Rep. Mike Rogers Blocking Other Congressional Reps From Access To Info On NSA Surveillance
from the look-at-that dept
When the Ed Snowden leaks first hit the Guardian and the Washington Post, many officials claimed that there was full oversight from Congress of these programs and that everyone was aware of them. In fact, President Obama himself declared:
“When it comes to telephone calls, every member of Congress has been briefed on this program,” Obama said to reporters last Friday.
And other defenders insisted, at the very least, that anyone could get a full briefing — if they just asked for it:
The director of national intelligence, James Clapper, chimed in later: “We provided detailed briefings and papers on this to explain the law, to explain the process it was governing,” he said on NBC News last Saturday.
And then Monday on Fox News, Rep. Peter King, R-N.Y., who’s on the House Intelligence Committee, told his colleagues to stop whining: “You know, these members of Congress who said they didn’t know about it — they could have gotten a briefing whenever they wanted to.”
Oh really? Even back then, many in Congress said that was hogwash, and that it was incredibly difficult to get the details of these programs out of those who knew about them. While there were these “briefings” that Clapper and King mention above, they’re anything but clear. As some noted, the “briefings” don’t really brief you on anything — unless you already know exactly what questions to ask:
“Sometimes these briefings are a game of 20 questions. If you don’t ask exactly the right question, you don’t get the answer,” said Harman.
Either way, Glenn Greenwald’s latest shows that the claims that any member of Congress can simply find out what’s going on is flat out false — so we can add that to the list of “lies” from those defending the NSA surveillance programs. Greenwald highlights how two Congressional Representatives — Morgan Griffith and Alan Grayson — shared with him their attempts to get access to certain details about the NSA surveillance program. Griffith sent over a bunch of requests to the House Intelligence Committee… and got back nothing, even as he asked that his request be expedited so he could vote knowledgeably on the Amash amendment. Instead… silence.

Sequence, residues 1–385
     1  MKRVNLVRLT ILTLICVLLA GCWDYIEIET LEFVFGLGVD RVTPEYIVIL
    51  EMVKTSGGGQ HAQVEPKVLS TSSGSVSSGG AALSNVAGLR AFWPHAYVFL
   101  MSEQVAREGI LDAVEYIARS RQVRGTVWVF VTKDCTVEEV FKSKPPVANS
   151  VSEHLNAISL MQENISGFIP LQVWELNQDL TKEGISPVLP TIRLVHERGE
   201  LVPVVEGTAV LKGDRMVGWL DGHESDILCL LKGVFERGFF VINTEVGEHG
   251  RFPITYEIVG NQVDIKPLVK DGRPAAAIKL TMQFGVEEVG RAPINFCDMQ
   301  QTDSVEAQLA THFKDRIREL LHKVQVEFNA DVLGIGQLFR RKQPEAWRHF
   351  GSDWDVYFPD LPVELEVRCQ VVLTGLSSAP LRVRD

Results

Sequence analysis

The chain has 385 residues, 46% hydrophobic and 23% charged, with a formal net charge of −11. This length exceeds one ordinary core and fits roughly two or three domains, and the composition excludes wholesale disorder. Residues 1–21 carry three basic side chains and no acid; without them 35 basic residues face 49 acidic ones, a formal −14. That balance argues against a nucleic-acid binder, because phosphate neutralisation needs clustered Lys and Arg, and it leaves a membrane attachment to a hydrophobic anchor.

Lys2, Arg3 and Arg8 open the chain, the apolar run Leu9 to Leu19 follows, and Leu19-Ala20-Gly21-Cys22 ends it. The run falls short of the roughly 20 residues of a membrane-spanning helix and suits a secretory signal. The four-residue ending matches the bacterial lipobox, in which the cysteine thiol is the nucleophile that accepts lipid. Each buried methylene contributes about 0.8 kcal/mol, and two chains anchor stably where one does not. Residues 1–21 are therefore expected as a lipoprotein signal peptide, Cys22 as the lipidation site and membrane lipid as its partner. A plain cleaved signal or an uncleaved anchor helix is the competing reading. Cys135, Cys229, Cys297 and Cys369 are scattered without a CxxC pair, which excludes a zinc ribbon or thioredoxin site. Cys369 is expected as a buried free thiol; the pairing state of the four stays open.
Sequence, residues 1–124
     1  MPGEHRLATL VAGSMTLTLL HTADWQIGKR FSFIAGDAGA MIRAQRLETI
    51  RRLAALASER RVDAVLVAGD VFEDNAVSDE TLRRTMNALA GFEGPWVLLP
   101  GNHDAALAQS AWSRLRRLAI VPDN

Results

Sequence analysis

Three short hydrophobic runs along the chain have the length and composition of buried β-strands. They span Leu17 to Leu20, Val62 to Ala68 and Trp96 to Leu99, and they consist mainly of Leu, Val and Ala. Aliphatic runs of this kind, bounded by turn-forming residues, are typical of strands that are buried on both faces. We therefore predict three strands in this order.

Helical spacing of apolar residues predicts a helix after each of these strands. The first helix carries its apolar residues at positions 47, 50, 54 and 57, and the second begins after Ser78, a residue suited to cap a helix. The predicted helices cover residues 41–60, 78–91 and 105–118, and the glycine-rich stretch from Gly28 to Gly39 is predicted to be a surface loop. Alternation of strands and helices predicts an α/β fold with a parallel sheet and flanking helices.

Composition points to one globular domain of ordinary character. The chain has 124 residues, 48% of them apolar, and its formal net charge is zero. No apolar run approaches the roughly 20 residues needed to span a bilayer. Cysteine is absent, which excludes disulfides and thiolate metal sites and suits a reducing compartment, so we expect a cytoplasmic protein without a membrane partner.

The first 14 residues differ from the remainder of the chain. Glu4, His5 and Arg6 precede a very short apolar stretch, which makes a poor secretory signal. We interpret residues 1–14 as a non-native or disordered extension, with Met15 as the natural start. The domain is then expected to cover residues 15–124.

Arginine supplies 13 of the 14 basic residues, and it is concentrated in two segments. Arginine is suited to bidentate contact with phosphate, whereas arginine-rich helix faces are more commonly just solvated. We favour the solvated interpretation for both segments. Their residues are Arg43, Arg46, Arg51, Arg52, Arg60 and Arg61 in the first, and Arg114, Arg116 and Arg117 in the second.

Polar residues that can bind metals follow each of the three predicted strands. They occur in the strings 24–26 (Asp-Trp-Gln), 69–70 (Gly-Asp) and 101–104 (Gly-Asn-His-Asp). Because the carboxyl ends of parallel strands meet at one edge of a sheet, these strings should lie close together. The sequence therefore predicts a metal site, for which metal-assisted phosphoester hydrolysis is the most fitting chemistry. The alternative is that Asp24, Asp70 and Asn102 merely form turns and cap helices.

Even worse, however, is the completely obnoxious response that Grayson received from (you guessed it!) Rep. Mike Rogers, saying that his request had been denied:
On June 19, Grayson wrote to the House Intelligence Committee requesting several documents relating to media accounts about the NSA. Included among them were FISA court opinions directing the collection of telephone records for Americans, as well as documents relating to the PRISM program.
But just over four weeks later, the Chairman of the Committee, GOP Rep. Mike Rogers, wrote to Grayson informing him that his requests had been denied by a Committee “voice vote”.
Oh, and it gets worse. Grayson spoke to Rep. Dutch Ruppersberger (basically the number two guy on the Intelligence Committee after Rogers) and was told that “he was unaware of any committee action on this matter.” A staff member for Grayson asked the Intelligence Committee for the details of the voice vote, including the member-by-member voting. The response?
Thanks for your inquiry. The full Committee attends Business Meetings. At our July 18, 2013 Business Meeting, there were seven Democrat Members and nine Republican Members in attendance. The transcript is classified.”
Say what? Here is a Congressional Representative — who we are told over and over again can have full access to this information — being told by the NSA’s staunchest defenders, Rep. Mike Rogers, that his request is denied “by a voice vote” and then told that the details of that vote are now classified? At some point, you have to recognize that Rogers and the House Intelligence Committee are out of control. I realize they’re trying to do damage control, but denying such direct requests from a Congressional Representative is really quite stunning.
And that’s not all. Looking through the email exchange, it notes that Grayson had spoken to NSA Deputy Director Chris Inglis to find out more about the program, and was requesting a follow up meeting. There are then a whole series of follow up emails with Grayson’s office repeatedly trying to schedule a meeting. Finally, they are told that someone from the House Intelligence Committee would be calling to “close the loop,” and there’s a note that “closing the loop” meant merely calling to tell Grayson that he could not have a follow up meeting with the NSA.
It’s no secret that Grayson has been one of the vocal critics of the surveillance program, but now the House Intelligence Committee, led by Mike Rogers, is looking to actively block him from doing his job, denying him access to the very documents, individuals and briefings that all the defenders of the program have said repeatedly are open to all Congressional reps. It really makes you wonder: what are they so afraid of?